U.S. Museum Exhibitions

The following guide to museum shows currently on view is compiled from Artforum’s three-times-yearly exhibition preview. Subscribe now to begin a year of Artforum—the world’s leading magazine of contemporary art. You’ll get all three big preview issues, featuring Artforum’s comprehensive advance roundups of the shows to see each season around the globe.

Tala Madani, The Gift, 2015, oil on linen, 20 × 17 1/8".

“Tala Madani: First Light”

Through April 3
Curated by Kelly Shindler and Henriette Huldisch

Cock-dragging baby-men leer with amusing hubris and dazed melancholy in the paintings and stop-motion animations of Tala Madani. In this exhibition of works from the past two years, the Tehran-born, Los Angeles–based artist’s cast of rotund fellows prance and lactate in a sinister, metaphysical darkness cut sparely with light. A grim, corporeal humor bubbles through while Madani’s (mostly) bald subjects suffer odd torments; in one oil painting, The X, 2015, a figure clad in a black thong grins submissively as disembodied hands stretch his limbs outward. Opening at cam with nine paintings and an animation, the exhibition will expand when it travels to the co-organizing MIT List Visual Arts Center, gaining eight additional paintings from Madani’s series “Smiley Has No Nose,” 2015, and “Abstract Pussy,” 2013–, and a second animated video. Travels to the MIT List Visual Arts Center, Cambridge, MA, May 20–July 17.

Andrew Berardini

Andrea Büttner

Through April 10
Curated by Fionn Mead

Weakness is Andrea Büttner’s strength. For a decade, the Stuttgart-born artist has coaxed often-minor media—inexpert video, casual photography, glass painting, wallpaper, even low-slung planters of live moss—into speaking of humility, poverty, shame, and (the refusal of) judgment. Whether woodcut-printing the text piece I want to let the work fall down, 2005; inviting cloistered Carmelite nuns to film their homespun creative activity (Little Works, 2007); illustrating a 2014 edition of Kant’s Critique of Judgment with sublunary, seemingly chance-determined images that cause adjudication to misfire; or repeatedly confessing her artistic influences, Büttner skews from ego. The upshots, her first US solo exhibition will no doubt demonstrate, are numerous, from a catechization of art’s liaison with thrusting neoliberalism to a call for a reconsideration of belief—and its corollary, meekness—that feels quietly radical.

Martin Herbert

Yuri Ancarani, Il capo (The Boss), 2010, 35 mm transferred to HD video, color, sound, 15 minutes. From the series “La malattia del ferro (The Malady of Iron),” 2010–12. From “Architecture of Life.”

“Architecture of Life”

Through May 29
Curated by Lawrence Rinder

BAM/PFA celebrates the opening of its new building by Diller Scofidio + Renfro with this epic presentation of more than 250 artifacts that sit at the nexus of art, architecture, and life itself. Encompassing a heterogeneous array of objects drawn from the history of music, science, craft, religion, and experimental design, among other cultural practices, the show and its multiauthored catalogue speak to architecture’s varied connections to “forms of life.” Viewed in the context of DS+R’s remarkable structure, for which the New York–based firm sliced through an old printing plant and fused it to a dramatically foreign form, the exhibition promises to remind us that architecture not only operates to regulate spaces, bodies, and psyches in the service of cultural norms but, like art—and, one hopes, this show—can open up new, critical prospects for encountering the contemporary milieu.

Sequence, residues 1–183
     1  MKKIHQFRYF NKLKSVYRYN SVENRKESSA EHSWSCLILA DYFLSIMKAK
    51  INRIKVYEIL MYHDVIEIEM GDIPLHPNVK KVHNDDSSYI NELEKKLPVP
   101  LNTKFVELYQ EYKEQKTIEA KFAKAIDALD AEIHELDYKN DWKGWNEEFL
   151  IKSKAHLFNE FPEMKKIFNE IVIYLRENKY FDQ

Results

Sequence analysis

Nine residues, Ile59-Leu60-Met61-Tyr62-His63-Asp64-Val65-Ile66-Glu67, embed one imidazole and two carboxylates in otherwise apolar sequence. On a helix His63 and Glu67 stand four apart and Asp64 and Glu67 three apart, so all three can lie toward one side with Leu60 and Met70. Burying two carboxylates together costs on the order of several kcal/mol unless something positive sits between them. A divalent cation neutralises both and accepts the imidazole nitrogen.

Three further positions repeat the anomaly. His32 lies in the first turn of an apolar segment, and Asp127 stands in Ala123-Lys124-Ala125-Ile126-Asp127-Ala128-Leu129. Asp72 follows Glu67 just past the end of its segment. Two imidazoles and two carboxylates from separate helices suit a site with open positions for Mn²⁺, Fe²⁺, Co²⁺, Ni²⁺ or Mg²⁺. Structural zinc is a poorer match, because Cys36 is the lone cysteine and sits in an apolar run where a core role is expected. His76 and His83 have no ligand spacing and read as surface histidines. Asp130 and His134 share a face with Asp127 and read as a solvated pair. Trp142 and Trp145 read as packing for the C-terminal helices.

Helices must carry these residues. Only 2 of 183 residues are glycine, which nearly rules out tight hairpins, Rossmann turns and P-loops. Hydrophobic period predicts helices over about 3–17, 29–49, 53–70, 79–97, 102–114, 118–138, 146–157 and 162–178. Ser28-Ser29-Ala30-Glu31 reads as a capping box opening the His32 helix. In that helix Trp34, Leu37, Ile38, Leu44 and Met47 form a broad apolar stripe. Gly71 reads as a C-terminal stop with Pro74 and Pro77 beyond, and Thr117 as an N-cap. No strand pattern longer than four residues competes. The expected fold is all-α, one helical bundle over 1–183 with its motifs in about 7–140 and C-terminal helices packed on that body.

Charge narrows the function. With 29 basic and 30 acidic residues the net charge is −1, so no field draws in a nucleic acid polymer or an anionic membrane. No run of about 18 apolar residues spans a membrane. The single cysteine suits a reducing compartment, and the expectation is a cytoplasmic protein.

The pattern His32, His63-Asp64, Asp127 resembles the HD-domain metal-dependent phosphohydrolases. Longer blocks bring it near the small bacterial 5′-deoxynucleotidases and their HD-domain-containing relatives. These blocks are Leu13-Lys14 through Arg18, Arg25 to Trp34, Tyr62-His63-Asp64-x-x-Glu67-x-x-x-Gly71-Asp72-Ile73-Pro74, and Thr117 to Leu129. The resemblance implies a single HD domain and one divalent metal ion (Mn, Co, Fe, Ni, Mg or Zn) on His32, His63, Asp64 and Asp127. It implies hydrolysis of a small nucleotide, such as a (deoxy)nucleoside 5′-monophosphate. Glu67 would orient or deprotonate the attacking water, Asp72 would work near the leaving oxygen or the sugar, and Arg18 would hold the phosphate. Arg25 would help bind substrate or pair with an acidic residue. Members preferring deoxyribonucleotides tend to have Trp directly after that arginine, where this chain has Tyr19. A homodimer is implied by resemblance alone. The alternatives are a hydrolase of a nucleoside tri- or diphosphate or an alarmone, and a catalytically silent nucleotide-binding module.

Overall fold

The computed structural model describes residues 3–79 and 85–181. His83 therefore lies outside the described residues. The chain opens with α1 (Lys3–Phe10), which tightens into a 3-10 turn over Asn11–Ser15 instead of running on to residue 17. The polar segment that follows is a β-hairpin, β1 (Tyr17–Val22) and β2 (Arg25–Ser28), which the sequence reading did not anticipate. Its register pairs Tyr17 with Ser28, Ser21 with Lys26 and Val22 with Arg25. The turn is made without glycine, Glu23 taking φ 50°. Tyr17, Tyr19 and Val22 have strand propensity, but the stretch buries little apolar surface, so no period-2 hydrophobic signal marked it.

Felicity Scott

“Everywhen: The Eternal Present in Indigenous Art from Australia”

Through September 18
Curated by Stephen Gilchrist

"Dreamings: The Art of Aboriginal Australia,” held at the Asia Society in New York in 1988, was a key exhibition in demonstrating that Aboriginal art was not “primitive” but modern. This show goes one step further in arguing that Aboriginal art is not modern but contemporary. “Everywhen,” a neologism adopted from anthropologist William Stanner, is a way of taking the Dreaming—the cultural and spiritual worldview of Aborigines—out of the past and placing it in the present. The show includes Pintupi artists such as Mick Namarari Tjapaltjarri, the Anmatyerr Emily Kame Kngwarreye, Sydney photographer Christian Thompson, Brisbane Conceptualist Vernon Ah Kee, and other native Australians. If New Yorker David Smith once made a work called Australia in response to Aboriginal art, and Texan Forrest Bess actually wanted to become an Aborigine, what Gilchrist seeks to prove is that Aboriginal art is not just “everywhen” but belongs everywhere.

Rex Butler

Njideka Akunyili Crosby, I Refuse to Be Invisible, 2010, ink, charcoal, acrylic, and transfers on paper, 120 × 84".

“Njideka Akunyili Crosby: I Refuse to be Invisible”

Through April 24
Curated by Cheryl Brutvan

For many, the facts of Nigerian-born, US-based Njideka Akunyili Crosby’s peripatetic life will feel as close to home as the intimate domestic tableaux she depicts in her art. Blending painting, collage, and photo transfers of imagery from family albums, Nigerian lifestyle magazines, and the Internet, Crosby portrays people—often members of her family—sitting on beds and on couches, in living rooms and around dining tables, eating and drinking, touching and interacting. The synthesis of cultures and traditions in these scenes captures a coolly sophisticated diasporic existence that might be described as Afropolitan, to use a term popularized in a 2005 essay by Taiye Selasi that is reprinted in this exhibition’s catalogue. The show, the first institutional survey of Crosby’s work in the US, will include fifteen paintings and works on paper completed over the past five years.

Rujeko Hockley